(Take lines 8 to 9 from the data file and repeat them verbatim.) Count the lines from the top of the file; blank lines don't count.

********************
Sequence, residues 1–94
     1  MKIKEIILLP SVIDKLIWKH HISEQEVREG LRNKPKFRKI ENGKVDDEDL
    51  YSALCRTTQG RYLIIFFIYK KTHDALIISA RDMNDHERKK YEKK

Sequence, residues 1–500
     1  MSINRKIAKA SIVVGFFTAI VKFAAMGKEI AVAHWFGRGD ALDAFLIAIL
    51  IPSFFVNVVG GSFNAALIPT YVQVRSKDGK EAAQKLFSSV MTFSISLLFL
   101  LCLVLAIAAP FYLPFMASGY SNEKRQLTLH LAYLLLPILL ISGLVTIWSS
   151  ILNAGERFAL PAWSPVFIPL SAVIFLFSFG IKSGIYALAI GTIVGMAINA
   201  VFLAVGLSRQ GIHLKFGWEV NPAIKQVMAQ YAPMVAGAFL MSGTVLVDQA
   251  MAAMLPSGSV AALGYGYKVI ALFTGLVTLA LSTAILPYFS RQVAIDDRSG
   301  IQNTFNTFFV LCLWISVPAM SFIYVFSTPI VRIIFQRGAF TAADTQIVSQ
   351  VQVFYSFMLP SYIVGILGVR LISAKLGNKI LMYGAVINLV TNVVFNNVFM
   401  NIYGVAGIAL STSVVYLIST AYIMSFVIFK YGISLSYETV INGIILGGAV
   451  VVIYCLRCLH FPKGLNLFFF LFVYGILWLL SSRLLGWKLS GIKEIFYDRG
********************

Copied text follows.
   151  ILNAGERFAL PAWSPVFIPL SAVIFLFSFG IKSGIYALAI GTIVGMAINA
   201  VFLAVGLSRQ GIHLKFGWEV NPAIKQVMAQ YAPMVAGAFL MSGTVLVDQA